The company’s earliest predecessor was incorporated as the American Metal Co. Limited (Amco) in 1887 when it was spun off from the Frankfurt-based Metallgesellschaft, a metals trading concern. In 1884 Metallgesellschaft sent Berthold Hochschild to New York to initiate a metal-trading business. There Hochschild quickly built Metallgesellschaft’s U.S. metals business, due in great part to startlingly productive U.S. copper mines. Amco exported nickel and opened treatment plants for lead and copper. The fledgling company benefited from its German connections during this period, as Germany consumed one-third of U.S. copper exports. Following U.S. entry into World War I in 1917 the 49% German stake in Amco was seized by the U.S. Alien Property Custodian and resold, and all trade with Germany was halted. The huge profits generated by Allied military needs, however, more than compensated for the loss of Amco’s German business. Use of the metal molybdenum also increased during the war. Molybdenum’s special properties as an alloying metal in steel were first recognized during the late 19th century. By 1916 demand for its properties, battle-tough hardness and elasticity, was great. Max Schott, head of Amco’s Denver, Colorado, office, promptly enlisted the aid of Amco’s leadership to buy a mine in Climax, Colorado, that would eventually produce 75% to 85% of the world’s molybdenum. The Climax Molybdenum Company was formed in 1917 by a syndicate that included American Metal Company.
By 1924 it was recognized that molybdenum, or “moly,” was more than a wartime wonder. Its use as wire for vacuum tubes and incandescent lamps; in steel for machines, railroad and construction equipment, and automobiles; and its compounds in dyes and pharmaceuticals, caused Scientific American
in March 1924 to label the nascent industry “one of the most important branches of American metallurgy.”
During the interwar years Amco diversified into copper- and zinc-smelting plants. Also after the end of the war, Amco’s German connection re-emerged. The Germans who formerly had owned 49% of Amco’s stock were alleged to have paid a $441,000 bribe to the Alien Property Custodian, Thomas W. Miller, in a convoluted attempt to gain control of the $7 million that had resulted from the sale of the Germans’s Amco stock in 1917. Miller turned the $7 million over to the German contingent and was subsequently indicted for his actions.
Copper once again came to the forefront of American Metal Company’s concerns in the 1930s, with the overseas development of the Roan Antelope
and Mufulira mines on the Rhodesia-Congo border. The Roan Antelope mines were one-third owned by Amco, and the Mufulira mines were two-thirds owned by Amco, through its majority ownership of Rhodesian Selection Trust, Ltd. African investment would prove to be among American Metal Company’s most volatile, and profitable, ventures. In 1952 Amco’s stake in these mines brought the company about $4 million. American Metal Company expanded its African holdings in 1946 by buying, with the Newmont Mining Corporation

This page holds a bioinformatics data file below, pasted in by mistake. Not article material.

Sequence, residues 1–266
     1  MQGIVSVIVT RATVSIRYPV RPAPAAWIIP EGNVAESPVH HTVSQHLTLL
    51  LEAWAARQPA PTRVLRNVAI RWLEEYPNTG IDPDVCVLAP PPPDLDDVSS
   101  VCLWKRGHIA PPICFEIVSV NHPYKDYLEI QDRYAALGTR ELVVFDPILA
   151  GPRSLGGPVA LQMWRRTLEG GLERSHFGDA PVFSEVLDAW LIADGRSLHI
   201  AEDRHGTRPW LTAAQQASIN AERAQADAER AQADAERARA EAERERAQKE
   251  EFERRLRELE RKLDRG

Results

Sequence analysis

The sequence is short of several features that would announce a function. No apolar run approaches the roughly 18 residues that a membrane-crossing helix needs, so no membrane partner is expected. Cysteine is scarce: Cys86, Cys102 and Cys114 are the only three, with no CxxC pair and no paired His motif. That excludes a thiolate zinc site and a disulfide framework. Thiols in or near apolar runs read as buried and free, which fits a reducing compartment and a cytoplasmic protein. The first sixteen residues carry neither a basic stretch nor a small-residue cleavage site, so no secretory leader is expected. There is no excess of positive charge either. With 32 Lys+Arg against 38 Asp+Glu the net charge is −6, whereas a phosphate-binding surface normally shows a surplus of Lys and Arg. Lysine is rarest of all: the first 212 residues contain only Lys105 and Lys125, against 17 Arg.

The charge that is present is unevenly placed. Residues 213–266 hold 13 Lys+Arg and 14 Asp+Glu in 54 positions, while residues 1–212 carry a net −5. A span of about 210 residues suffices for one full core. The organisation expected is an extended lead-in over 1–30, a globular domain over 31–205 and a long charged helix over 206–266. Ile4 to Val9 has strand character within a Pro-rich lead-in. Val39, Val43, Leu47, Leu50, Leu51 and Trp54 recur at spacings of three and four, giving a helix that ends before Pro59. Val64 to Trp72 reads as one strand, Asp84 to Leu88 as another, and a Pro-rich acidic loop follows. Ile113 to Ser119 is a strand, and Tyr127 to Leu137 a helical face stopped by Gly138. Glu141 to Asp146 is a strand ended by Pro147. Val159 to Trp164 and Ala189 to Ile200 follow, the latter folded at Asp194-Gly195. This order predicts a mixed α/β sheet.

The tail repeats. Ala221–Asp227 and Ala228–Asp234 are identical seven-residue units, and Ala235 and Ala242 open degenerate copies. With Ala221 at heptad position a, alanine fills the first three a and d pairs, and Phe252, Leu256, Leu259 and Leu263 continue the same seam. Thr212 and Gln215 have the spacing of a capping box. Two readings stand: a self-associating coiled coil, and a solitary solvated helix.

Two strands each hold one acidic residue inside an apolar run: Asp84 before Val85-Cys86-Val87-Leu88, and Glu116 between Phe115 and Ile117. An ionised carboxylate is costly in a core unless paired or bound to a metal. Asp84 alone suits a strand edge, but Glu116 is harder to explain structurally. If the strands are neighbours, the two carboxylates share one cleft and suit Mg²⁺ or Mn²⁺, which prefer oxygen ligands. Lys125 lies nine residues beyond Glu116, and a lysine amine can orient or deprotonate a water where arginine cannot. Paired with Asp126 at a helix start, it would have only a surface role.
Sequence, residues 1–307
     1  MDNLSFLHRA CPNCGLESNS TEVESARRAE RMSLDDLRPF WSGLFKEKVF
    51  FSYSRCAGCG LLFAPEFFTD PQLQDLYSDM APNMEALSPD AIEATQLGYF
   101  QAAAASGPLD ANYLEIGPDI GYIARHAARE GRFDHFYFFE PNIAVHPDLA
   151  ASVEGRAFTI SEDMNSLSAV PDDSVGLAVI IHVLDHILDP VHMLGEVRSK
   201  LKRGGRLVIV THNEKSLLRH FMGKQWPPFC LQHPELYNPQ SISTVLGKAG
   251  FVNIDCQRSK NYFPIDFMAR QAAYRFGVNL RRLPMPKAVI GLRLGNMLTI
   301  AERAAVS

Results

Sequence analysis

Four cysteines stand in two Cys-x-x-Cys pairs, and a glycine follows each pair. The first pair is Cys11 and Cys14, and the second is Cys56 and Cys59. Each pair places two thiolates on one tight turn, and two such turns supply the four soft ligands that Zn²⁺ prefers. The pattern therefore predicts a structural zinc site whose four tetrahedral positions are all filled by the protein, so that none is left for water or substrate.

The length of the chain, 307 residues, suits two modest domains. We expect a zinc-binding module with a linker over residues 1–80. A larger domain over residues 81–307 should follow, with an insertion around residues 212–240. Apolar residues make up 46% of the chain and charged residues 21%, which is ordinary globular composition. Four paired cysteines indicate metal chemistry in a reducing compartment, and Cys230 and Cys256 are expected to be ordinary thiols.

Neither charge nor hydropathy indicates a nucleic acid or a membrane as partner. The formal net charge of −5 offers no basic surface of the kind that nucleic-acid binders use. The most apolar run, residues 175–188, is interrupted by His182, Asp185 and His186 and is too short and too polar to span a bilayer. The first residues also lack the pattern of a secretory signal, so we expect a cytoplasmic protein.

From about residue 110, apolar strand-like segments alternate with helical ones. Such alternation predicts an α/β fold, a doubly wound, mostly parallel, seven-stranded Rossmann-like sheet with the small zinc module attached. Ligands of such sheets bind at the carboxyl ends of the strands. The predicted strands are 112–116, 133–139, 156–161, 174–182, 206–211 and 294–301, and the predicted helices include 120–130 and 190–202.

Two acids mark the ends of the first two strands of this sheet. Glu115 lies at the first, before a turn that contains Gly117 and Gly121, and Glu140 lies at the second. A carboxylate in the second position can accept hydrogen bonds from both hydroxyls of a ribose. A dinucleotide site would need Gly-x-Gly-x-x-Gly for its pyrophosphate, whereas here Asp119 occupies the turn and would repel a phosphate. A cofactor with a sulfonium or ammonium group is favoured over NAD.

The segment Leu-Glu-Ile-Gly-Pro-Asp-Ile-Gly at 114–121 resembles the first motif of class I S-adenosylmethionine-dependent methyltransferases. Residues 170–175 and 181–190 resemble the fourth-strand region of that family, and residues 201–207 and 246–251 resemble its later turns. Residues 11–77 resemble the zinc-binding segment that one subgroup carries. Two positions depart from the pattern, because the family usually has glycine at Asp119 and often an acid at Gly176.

and Rhodesian Selection Trust, Ltd., the Tsumeb mine in South West Africa, now Namibia. The South African government that controlled South West Africa had seized the copper, lead, and zinc mine from its German owners during World War II.
Amco consistently augmented its holdings in North America, as well. Southwest Potash Corporation—later AMAX Chemical Corporation and by 1991 AMAX Potash Corporation—and Heath Steele Mines Ltd., both wholly owned subsidiaries, were formed in 1948 and 1954, respectively. Amco also began developing oil properties in concert with Climax Molybdenum in 1950. In 1957, the two companies, via a stock swap, merged. Climax had been modernizing its facilities, and production of molybdenum had doubled from 1951 to 1955. Climax also had begun mining tungsten and vanadium, as well as developing its uranium interests. Climax president Arthur H. Bunker became chairman of the newly named American Metal Climax, Inc. (AMAX).
During the 1960s, AMAX’s Southwest Potash company pursued lead in a joint lead-mine-smelter venture with the Homestake Mining Company
that went on-line in 1969; and formed AMAX Petroleum Corporation in 1962, which the following year acquired the oil and gas properties of four separate petroleum companies. Also in 1962, AMAX began work in aluminum by buying the Michigan-based Kawneer Company and Chicago’s Apex Smelting Company. In 1965 a new AMAX subsidiary was formed to hold the aluminum subsidiaries: the AMAX Aluminum Group. By 1990, it would be the third-largest U.S. aluminum company.
Of intrinsic importance to the company’s future was its entrance into the coal market in 1969. Ayshire Collieries of Indiana was purchased and would soon become a new subsidiary: AMAX Coal Company. Four years later, it was the fifth-largest U.S. coal producer. By 1980, it was number three.
In 1974 American Metal Climax, Inc. officially adopted its nickname and became AMAX Inc.
Close Up of Vignette:
Registered Note, specimen, late 1900’sPrinter: American Bank Note Company Dimensions:
8” (h) x 12” (w)State: NY-New York Subject Matter: Metals and Related
| Specimen Pieces Vignette Topic(s): Male Subject
| Mining Scene
| Heavy Equipment Featured Condition:
No fold lines, punch hole cancels in signature areas and body, very crisp.